This Easter could potentially have passed by without any family getting together, without any “special” aspect to the day. I couldn’t have that. Easter is too important. It’s one of the days in a year that I believe always deserves new memory-making. And circumstances put me in a position where I could be passive and let it pass as an ordinary day, or I could do something about it. So I thought, WWP31WD?
What would the Proverbs 31 woman do?
It took less than a second for the answer to come. She would cook, and the people would come.
So I seized the opportunity to host my second holiday. Although, the first one barely counts. Last Christmas Eve, I had a total of seven people at the house, myself included, which is about five people more than I have ever cooked for at one time. I was a little nervous, but took an easy route in two big pots of chili on the stove- one beef and turkey, the other venison. I mixed up a Mexican style salad, and my boyfriend’s mom made everyone a grilled cheese. It was a perfect meal for a chilly night and all I really had to do was make sure the chili didn’t burn. Even in light of my limited responsibilities I forgot about one basic necessity- drinks. When everyone arrived I mumbled and stumbled through the few options we had in the fridge, mentally smacking myself on the head for my lack of foresight.
Oh well, it turned out great. The house was beautifully decorated for Christmas, the fire in the fireplace warm and inviting, and I couldn’t have asked for better company. The night ended with a sense of everything right in the world.
But this time around, this Easter, it was time to step up my game a bit. I didn’t want to rely on another one pot wonder. Not that there is anything wrong with a good pot of chili, but this time there would only be four people eating, so it was the perfect opportunity to see if I could create another decent, edible holiday meal, but something different this time.
I only really started cooking, and when I say cooking, I mean not just something you pull out of a box, transfer to a baking dish and then stick in the oven for 20 minutes, in the past two years, more or less. At first, even a simple box taco kit gave me its share of trouble, including tortillas so burnt that the house smelled for over a week and a raccoon literally walked up to the tortillas thrown out the back door, smelled them, and walked away leaving them untouched.
So this was a big deal for me. This process of learning how to host and cook for multiple people, it’s exciting yet a little nerve-wracking. I’ve come to enjoy cooking for others and it’s a way to show love, to show others we care. I just sent up a little prayer that I wouldn’t have to order a pizza by the time company arrived.
And, while there are a couple things that can be improved upon, everything was not only edible, but seemingly enjoyable. I even remembered the drinks! ….though, not the ice, but progress is progress, right?
Nothing burned, no smoke alarms went off, no one died of sudden food poisoning, everyone had a good time and left with full bellies.
Success, I say!
Here are a few things I learned through the process. These may be common sense, or even altogether unneccesary, for the more practiced hosts and hostesses, but for those with little practice and just starting out, like myself, these may come in handy and help reduce stress and worry when cooking time arrives:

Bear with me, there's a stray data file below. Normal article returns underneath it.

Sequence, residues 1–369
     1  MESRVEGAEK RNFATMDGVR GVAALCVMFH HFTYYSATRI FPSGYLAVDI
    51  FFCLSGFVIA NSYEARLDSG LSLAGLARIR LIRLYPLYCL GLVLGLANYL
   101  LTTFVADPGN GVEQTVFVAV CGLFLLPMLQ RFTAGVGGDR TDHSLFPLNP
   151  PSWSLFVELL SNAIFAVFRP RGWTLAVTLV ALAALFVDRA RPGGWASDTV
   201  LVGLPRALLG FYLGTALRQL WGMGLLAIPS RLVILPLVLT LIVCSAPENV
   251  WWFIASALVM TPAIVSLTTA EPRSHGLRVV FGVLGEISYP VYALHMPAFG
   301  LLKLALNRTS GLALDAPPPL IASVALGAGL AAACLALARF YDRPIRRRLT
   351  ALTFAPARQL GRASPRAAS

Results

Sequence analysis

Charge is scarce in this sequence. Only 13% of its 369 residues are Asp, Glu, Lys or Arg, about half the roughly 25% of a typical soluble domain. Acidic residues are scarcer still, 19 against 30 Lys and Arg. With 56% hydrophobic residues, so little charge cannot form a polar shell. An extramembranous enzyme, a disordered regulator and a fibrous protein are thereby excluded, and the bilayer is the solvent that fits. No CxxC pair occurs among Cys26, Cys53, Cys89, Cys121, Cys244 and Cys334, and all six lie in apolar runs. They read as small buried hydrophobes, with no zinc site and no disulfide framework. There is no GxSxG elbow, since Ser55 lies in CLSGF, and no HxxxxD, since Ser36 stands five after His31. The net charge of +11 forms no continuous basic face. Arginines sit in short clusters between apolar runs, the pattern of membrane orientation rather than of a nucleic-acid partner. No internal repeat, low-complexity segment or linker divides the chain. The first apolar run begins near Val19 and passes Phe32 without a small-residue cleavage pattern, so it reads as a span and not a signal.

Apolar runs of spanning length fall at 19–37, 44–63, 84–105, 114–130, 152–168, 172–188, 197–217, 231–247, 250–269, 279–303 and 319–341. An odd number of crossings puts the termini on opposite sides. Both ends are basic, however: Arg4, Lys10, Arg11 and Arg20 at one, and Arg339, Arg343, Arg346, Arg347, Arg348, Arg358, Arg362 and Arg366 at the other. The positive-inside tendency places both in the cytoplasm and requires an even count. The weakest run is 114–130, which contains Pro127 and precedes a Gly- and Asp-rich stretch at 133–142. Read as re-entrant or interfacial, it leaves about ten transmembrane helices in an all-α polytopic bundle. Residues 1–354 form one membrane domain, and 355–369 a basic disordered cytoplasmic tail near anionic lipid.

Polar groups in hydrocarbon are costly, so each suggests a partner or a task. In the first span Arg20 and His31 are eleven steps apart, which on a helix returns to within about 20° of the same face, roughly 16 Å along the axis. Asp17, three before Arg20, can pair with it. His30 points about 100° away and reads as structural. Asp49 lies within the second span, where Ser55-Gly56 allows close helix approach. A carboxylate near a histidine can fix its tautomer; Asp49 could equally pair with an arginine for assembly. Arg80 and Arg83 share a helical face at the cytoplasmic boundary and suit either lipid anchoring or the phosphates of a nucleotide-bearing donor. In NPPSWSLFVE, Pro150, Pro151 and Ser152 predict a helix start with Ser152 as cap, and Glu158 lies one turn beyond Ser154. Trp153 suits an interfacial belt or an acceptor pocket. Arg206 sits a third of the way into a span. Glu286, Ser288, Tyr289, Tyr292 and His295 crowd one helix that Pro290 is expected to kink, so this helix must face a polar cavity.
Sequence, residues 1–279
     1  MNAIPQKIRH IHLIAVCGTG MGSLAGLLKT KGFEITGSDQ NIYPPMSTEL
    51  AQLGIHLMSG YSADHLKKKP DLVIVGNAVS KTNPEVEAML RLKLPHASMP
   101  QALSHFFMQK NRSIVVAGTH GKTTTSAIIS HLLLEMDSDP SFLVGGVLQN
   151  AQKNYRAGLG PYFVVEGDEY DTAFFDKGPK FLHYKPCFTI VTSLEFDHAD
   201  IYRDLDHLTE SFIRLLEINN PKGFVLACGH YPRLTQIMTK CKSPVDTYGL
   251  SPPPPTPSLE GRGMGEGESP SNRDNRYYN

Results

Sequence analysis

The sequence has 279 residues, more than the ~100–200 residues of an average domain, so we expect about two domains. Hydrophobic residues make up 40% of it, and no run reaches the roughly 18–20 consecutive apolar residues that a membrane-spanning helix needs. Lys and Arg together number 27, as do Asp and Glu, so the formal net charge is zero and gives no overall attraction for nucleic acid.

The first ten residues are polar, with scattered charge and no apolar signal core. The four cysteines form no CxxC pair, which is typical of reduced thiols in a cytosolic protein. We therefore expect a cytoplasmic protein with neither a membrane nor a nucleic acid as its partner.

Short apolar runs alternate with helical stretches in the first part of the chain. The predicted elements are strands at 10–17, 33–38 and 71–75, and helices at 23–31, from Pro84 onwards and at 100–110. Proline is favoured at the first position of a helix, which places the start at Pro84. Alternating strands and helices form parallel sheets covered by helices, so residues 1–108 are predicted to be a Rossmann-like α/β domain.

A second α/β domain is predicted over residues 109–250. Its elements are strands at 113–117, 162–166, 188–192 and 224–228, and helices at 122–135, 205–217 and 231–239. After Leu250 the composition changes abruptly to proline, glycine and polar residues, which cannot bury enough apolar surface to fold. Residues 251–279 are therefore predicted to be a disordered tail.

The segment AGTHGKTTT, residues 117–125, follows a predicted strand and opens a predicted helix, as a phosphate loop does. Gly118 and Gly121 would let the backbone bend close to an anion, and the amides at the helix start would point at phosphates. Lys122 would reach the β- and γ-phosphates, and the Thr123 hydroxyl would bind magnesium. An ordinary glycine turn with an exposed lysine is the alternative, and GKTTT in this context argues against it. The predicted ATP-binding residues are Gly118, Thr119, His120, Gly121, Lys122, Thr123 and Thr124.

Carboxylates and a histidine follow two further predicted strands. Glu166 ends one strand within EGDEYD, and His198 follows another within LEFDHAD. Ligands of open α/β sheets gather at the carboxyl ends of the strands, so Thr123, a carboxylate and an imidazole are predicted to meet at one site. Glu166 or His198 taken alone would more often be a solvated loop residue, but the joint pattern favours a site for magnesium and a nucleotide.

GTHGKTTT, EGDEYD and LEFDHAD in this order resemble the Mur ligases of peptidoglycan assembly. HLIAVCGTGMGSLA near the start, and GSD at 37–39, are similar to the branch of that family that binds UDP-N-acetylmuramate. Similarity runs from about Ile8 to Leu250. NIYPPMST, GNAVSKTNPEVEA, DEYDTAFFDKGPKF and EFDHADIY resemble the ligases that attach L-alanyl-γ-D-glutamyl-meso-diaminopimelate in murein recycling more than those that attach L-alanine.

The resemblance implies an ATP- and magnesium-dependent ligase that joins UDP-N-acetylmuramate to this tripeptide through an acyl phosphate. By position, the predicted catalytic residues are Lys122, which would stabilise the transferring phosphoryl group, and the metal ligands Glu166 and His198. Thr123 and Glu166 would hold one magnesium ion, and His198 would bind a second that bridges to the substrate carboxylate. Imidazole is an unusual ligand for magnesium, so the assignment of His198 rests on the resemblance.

- Plan ahead. Plan out your meal at least a week ahead of time, including any side dishes, any dessert, all of it. Gather all your recipes in one place with easy access, whether printed out from the computer or written down on a sheet of paper. Ensure to account for adequate serving sizes to feed your guests. Overestimate if need be, better to have leftovers than not enough.
- Create a grocery list and bring it, and a pen or marker, with you to the grocery store so that you can mark off each item as you put it in your cart. This way you will not forget anything.
- Shop at least a couple days ahead of time for groceries. Especially around the holidays, store shelves may be emptied of staple items during a busy day full of last minute shoppers, and you don’t want to be left scrambling to find one particular item at the last minute.
- Make whatever you can the day before. If you can make a cake the day before, or cut fruit, do what you can that can be wrapped and put in the fridge until the next day.
- Plan out your timing. Write down on how much time each dish needs to cook and if it needs to be put in the oven, on the stove, or in the crock pot. Try to arrange to spread things out among different cooking sources, so not everything needs to be put in the oven, or everything needs to be put on the stove. Then plan ahead of time what you needs to be put where and in what order. Know what time you need to start. If something needs to be put in the crock pot at 10 a.m. to be ready or dinner, start getting things out at 9:45.
- Always allow a little extra time. I learned that even if a recipe calls for 20 minutes cook time, I sometimes underestimated prep time-whether it’s peeling or slicing or mixing. Also, with some recipes, even after the called for 20 minutes of cook time, I’d find it isn’t done and needs 10 more minutes. Give yourself leeway so you’re not left rushing at the last minute. Rushing causes mistakes and under-cooked food.
These are the six things I did as a completely amateur cook and host to prepare and serve a holiday meal. Along the way I learned a few things to make things better for next time, but these tips allowed me to avoid stress, and as a result, according to my boyfriend, I seemed to pull it off “flawlessly.”
Have any of your own ideas on cooking for others with little experience, or stories to share of your own amateur kitchen endeavors? Comment below!